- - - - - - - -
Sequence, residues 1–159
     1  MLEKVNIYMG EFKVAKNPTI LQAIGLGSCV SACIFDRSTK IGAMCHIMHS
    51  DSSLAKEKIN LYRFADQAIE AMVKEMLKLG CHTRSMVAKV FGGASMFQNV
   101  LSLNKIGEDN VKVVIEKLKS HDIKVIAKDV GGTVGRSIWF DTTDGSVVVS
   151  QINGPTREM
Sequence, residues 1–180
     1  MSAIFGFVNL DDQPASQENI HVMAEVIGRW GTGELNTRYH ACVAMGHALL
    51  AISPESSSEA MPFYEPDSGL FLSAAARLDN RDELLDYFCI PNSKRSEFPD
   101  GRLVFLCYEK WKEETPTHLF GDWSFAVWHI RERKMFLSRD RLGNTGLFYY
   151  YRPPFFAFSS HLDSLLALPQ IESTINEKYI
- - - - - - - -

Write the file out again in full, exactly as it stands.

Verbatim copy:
Sequence, residues 1–159
     1  MLEKVNIYMG EFKVAKNPTI LQAIGLGSCV SACIFDRSTK IGAMCHIMHS
    51  DSSLAKEKIN LYRFADQAIE AMVKEMLKLG CHTRSMVAKV FGGASMFQNV
   101  LSLNKIGEDN VKVVIEKLKS HDIKVIAKDV GGTVGRSIWF DTTDGSVVVS
   151  QINGPTREM
Sequence, residues 1–180
     1  MSAIFGFVNL DDQPASQENI HVMAEVIGRW GTGELNTRYH ACVAMGHALL
    51  AISPESSSEA MPFYEPDSGL FLSAAARLDN RDELLDYFCI PNSKRSEFPD
   101  GRLVFLCYEK WKEETPTHLF GDWSFAVWHI RERKMFLSRD RLGNTGLFYY
   151  YRPPFFAFSS HLDSLLALPQ IESTINEKYI